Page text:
Day three of the 2023 Spine Race was described as “a day for the micro spikes” by Montane as the competitors tackled typical “Spiney” weather, with temperatures below freezing for much of the day as the landscape resembled more of a winter wonderland than the North of England.
Scott keeps Hall honest up front
Whilst leader Damian Hall lost his running partner Kim Collison to muscle issues at Tan Hill on day two, his lead at the front of the race has been far from secure.
The greatest challenge Hall now faces outside of fatigue is from his inov-8 teammate Jack Scott, the only other athlete out on course running ahead of course record pace on day three.
Scott came into the checkpoint in Greenhead two hours down on Hall, but managed to almost halve that gap by the time he reached the next checkpoint in Bellingham by the early hours of the morning.
Unfortunately, it transpired that Scott made a navigational error that meant he deviated form the course, resulting in a 48 minute time penalty, reduced to 41 minutes after a samaritan act “for stopping to assist another runner in need” according to Race HQ on his way to CP5 in Bellingham. Will it prove decisive?
By Bellingham, both Scott and Hall had fallen behind course record pace, as they prepared themselves to tackle the final day of racing. According to the Spine Race instagram page, Hall was “resting” at CP5 whilst Scott took the time to get “refuelled and reset his kit”.
Jean moves up to second as Bannwarth forges on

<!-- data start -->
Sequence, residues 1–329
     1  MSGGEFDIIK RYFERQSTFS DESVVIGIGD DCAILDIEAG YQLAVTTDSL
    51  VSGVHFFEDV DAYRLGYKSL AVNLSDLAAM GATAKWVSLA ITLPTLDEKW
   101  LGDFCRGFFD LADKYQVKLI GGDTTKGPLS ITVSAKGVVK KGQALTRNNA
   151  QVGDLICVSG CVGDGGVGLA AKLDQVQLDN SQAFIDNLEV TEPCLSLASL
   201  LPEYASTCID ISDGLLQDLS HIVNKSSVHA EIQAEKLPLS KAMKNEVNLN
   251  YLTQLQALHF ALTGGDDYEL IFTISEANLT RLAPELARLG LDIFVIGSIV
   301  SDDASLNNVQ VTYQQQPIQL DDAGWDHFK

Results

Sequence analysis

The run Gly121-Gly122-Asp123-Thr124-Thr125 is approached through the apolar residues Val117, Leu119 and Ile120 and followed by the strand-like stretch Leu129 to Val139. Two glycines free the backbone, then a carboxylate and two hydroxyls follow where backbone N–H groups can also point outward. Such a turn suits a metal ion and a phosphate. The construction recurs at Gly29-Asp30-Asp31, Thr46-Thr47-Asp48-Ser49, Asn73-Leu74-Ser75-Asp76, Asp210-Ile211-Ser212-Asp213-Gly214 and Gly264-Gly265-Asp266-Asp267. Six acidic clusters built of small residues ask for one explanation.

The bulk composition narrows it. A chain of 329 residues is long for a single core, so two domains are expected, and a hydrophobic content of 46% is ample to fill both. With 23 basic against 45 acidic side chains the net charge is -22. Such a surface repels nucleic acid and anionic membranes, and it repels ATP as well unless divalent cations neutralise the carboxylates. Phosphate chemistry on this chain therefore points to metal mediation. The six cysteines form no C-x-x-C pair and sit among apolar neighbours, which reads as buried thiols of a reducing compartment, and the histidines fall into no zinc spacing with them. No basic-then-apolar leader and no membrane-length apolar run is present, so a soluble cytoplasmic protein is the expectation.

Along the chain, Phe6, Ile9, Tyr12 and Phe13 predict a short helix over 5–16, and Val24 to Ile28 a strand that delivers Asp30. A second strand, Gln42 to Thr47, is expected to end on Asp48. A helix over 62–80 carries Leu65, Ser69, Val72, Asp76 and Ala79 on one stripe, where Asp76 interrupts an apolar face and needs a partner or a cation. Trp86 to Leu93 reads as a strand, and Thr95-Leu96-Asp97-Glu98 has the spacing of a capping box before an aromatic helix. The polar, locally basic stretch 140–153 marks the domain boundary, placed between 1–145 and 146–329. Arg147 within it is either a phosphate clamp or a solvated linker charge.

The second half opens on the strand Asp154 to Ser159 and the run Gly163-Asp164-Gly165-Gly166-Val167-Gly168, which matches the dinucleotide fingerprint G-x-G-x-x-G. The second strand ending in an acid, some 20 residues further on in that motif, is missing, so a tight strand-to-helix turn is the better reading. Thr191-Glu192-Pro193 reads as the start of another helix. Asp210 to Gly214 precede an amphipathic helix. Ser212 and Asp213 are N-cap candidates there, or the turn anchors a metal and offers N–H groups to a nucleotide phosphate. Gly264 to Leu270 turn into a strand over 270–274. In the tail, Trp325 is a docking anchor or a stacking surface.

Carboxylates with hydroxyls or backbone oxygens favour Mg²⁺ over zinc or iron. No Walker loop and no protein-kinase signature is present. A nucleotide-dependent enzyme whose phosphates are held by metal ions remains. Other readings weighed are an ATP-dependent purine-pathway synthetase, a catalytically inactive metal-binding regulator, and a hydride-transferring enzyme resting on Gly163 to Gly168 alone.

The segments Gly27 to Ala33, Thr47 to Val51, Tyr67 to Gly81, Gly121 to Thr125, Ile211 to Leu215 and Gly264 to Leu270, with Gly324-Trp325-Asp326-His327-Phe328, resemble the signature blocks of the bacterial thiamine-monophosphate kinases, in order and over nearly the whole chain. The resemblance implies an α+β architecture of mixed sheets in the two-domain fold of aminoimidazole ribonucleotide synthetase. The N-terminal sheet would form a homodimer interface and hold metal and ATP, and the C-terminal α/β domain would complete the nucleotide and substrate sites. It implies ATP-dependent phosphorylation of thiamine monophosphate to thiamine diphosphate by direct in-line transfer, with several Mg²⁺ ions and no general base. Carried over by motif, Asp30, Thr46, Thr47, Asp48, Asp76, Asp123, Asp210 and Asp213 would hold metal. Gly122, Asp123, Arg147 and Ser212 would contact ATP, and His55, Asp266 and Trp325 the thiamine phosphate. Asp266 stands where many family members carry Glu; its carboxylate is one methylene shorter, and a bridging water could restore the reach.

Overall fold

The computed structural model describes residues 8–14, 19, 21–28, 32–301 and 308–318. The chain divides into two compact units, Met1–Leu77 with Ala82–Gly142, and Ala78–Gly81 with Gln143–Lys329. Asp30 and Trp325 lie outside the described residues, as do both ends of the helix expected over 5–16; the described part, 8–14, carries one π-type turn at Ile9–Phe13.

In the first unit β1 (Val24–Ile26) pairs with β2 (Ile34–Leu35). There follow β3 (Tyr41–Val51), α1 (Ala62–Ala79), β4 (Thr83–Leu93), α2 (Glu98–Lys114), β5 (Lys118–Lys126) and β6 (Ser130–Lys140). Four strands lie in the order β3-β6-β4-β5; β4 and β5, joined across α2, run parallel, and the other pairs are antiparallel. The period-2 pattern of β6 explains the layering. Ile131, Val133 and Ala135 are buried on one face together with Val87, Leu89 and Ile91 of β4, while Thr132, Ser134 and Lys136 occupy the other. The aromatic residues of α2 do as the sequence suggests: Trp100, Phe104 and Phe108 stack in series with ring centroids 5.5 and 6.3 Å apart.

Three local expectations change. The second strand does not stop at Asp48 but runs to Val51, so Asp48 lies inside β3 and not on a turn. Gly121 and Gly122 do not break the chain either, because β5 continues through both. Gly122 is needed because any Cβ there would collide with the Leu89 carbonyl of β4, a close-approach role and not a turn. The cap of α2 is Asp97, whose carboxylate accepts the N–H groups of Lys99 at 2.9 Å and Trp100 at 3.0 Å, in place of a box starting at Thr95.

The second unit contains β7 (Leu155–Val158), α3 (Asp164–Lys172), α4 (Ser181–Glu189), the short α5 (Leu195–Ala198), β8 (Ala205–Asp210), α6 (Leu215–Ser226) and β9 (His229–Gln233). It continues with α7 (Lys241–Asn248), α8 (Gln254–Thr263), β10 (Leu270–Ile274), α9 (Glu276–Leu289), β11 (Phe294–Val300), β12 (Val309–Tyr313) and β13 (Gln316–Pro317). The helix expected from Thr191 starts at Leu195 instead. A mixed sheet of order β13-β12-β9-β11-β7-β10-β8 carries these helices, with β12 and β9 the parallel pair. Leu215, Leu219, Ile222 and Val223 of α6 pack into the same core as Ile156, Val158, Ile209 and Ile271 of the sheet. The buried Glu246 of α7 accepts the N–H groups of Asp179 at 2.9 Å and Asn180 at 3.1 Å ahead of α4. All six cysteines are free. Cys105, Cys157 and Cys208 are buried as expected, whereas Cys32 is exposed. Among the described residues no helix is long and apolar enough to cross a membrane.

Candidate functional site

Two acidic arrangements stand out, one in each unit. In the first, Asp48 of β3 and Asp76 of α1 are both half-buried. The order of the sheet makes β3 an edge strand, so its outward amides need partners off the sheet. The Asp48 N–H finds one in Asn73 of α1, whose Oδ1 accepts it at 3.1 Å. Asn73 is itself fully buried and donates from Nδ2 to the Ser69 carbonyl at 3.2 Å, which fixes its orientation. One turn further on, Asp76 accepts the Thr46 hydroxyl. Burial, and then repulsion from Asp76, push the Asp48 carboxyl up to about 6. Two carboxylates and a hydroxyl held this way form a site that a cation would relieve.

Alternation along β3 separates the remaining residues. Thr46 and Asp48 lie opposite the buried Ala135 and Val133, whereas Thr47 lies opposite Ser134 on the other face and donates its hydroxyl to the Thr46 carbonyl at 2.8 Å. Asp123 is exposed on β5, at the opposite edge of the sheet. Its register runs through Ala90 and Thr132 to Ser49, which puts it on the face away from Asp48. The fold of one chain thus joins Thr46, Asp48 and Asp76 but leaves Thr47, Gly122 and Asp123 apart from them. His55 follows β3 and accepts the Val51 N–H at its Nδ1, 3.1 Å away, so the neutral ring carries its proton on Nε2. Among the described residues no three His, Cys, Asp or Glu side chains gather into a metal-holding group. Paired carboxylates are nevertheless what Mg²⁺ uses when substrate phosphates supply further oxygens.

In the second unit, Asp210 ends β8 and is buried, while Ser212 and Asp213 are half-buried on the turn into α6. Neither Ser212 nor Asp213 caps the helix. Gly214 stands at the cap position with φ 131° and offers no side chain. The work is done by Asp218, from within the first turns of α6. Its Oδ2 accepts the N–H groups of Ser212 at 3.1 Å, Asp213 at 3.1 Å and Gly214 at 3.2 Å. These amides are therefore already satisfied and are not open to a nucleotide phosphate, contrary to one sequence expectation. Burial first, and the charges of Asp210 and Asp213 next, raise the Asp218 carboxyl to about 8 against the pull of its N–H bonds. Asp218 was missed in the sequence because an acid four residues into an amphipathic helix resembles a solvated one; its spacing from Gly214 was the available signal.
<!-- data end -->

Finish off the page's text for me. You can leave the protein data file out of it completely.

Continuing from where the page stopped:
In the women’s race, Fanny Jean of France managed to overhaul long time second place runner Hannah Rickman by the time the pair had made it to the checkpoint in Dufton. Jean has remained patient throughout the race and her move past the Brit makes it a French one-two as it stands.
For Claire Bannwarth, who is likely to be unfazed by the progress of her compatriot through the field, now had almost a 30 mile lead over second and continues to impress as she battled the elements alone up the Pennine Way.
The way in which the Frenchwoman is tackling this race is massively impressive. After setting the early pace, Bannwarth has never looked back and heading into what looks like to be her final day of racing enjoys a huge buffer over the rest of the women’s field.
Bannwarth currently sits in fifth overall and at the rate she is running, has Joe O’Leary of Ireland and Douglas Zinis of Great Britain less than ten miles up the road as she chases down the overall podium.